Ivorian eyewitness: Streets empty in Abidjan
As Ivory Coast's defiant President Laurent Gbagbo is reported to be sheltering in the basement bunker of his residence in Abidjan, his foreign minister says there is a ceasefire.
Troops loyal to Mr Gbagbo's rival, Alassane Ouattara - the man recognised by the UN as the winner of November's presidential election - have surrounded the compound.
But for a sixth day residents of the coastal city have been hiding indoors from the fighting. A man living in the centre of Abidjan told the BBC's Focus on Africa about events on Tuesday.
Koumassi suburb resident
As I am talking to you there is no sound of heavy gunfire; there is no sound of shooting right now.
We've heard a rumour there's a ceasefire, but we don't know if it is true. We're going to wait to see if it's true and if it's respected.
There is no movement on the streets - not even one person is walking.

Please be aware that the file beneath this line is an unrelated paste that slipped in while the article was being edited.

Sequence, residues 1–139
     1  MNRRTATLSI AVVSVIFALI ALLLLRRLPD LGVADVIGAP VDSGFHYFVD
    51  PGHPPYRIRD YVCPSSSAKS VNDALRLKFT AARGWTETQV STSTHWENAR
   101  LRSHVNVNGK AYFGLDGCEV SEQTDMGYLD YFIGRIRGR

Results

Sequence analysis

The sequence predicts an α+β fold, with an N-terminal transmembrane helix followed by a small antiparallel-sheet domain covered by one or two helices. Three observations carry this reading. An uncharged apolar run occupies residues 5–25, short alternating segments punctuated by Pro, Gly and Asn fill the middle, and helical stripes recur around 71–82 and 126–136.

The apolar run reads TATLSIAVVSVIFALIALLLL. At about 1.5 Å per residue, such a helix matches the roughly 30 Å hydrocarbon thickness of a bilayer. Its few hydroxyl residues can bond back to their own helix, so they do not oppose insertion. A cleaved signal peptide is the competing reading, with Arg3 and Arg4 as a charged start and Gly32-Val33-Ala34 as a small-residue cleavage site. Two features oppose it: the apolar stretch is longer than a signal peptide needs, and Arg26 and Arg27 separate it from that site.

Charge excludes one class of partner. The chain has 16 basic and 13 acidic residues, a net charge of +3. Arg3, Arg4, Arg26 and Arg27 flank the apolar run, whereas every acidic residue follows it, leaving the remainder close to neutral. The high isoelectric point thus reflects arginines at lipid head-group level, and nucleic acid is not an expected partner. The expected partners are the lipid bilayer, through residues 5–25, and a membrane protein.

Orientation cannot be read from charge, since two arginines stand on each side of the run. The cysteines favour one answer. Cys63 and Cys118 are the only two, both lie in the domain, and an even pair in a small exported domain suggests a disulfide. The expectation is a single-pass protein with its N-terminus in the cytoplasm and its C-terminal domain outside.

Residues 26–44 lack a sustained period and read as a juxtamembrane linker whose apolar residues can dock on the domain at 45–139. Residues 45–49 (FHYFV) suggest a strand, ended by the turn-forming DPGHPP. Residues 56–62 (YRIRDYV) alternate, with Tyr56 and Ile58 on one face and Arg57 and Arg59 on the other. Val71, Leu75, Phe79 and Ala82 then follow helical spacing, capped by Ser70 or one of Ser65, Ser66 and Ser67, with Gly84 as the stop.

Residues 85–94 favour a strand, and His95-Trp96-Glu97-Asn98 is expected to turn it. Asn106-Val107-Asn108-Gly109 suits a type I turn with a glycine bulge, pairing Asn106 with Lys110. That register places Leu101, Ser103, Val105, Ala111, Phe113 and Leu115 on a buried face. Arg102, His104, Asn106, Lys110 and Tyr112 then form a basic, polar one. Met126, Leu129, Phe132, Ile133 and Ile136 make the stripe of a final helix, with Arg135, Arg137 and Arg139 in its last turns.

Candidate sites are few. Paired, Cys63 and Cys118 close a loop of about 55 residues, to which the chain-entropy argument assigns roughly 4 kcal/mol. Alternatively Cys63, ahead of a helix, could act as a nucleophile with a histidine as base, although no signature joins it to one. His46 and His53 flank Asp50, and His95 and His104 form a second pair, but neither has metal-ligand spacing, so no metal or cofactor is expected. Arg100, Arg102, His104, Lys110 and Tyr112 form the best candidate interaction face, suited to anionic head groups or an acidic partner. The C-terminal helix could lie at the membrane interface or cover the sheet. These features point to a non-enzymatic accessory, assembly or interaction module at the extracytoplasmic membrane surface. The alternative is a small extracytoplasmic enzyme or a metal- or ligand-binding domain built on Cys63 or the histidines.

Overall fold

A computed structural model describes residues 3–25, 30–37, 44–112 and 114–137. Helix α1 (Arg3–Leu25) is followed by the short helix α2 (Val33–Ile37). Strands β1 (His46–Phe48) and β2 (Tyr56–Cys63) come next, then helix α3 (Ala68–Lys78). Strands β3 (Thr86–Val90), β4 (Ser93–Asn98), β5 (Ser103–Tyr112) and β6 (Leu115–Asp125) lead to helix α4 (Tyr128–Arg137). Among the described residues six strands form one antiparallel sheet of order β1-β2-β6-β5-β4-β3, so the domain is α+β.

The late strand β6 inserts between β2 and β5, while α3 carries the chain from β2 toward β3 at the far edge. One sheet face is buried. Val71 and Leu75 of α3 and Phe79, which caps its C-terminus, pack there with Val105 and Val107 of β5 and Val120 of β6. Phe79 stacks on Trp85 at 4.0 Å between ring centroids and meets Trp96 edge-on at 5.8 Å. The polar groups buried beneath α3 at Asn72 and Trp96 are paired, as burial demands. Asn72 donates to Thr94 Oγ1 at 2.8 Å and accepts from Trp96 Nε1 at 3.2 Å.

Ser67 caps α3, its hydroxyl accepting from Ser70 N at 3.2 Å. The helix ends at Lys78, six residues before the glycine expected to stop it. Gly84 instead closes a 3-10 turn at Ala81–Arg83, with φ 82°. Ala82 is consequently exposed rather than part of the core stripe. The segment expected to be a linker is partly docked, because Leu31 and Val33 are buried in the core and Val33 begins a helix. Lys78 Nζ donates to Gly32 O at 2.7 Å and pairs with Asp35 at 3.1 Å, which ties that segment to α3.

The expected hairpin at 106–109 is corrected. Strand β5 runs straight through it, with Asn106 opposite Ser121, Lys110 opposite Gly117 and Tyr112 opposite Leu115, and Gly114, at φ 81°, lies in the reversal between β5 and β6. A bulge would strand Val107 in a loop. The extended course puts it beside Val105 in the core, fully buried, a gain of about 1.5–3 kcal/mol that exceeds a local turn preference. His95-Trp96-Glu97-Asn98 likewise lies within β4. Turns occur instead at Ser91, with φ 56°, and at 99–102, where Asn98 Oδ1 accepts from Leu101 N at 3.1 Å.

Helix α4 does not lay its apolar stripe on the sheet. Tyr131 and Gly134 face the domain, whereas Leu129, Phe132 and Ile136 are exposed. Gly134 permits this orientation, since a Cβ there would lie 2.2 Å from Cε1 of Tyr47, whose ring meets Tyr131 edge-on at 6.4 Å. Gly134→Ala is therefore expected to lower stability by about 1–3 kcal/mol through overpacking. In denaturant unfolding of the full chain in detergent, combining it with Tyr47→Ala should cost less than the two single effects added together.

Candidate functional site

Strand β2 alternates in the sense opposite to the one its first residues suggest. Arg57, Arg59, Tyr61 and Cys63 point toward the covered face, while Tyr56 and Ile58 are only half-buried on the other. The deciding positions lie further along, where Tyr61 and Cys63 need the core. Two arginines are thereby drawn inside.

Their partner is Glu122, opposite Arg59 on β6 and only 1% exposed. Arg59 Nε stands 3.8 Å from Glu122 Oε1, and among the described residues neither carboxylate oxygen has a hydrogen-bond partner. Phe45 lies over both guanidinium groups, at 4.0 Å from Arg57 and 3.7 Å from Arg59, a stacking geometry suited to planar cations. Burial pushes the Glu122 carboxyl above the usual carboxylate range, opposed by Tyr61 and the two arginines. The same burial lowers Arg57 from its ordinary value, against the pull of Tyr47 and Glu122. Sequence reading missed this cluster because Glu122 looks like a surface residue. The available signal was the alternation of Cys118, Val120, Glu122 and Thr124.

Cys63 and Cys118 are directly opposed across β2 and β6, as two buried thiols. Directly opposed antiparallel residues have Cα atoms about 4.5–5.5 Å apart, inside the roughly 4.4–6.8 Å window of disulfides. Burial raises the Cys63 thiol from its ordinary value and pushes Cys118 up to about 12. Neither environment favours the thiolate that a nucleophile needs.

Everybody is inside their houses.
What we do know is that this morning at 1030 [GMT] there was heavy fighting.
I'm on top of the building looking out over Abidjan.
Even the smoke of fires from this morning - from the fighting in Cocody [where the presidential residence is located] - I don't see that now.
There is still no water and no food.
Another problem is medication - to get medical drugs is very hard.
I have only two bottles of water in my fridge right now. Since yesterday morning the water's been cut off.
Somebody called me from Cocody, saying that for three days they haven't had water.
This morning everybody here rushed out to go and get bread at the bakery.
The queue was very long. The bread was very costly. I was queuing for up to three hours to get bread.
The bread had originally stood at 100 [CFA] francs, I bought it at 300 francs (64 US cents; 40 pence).
That's all I managed [to buy] this morning.
There's no way to get food, there's no market - all shops are closed.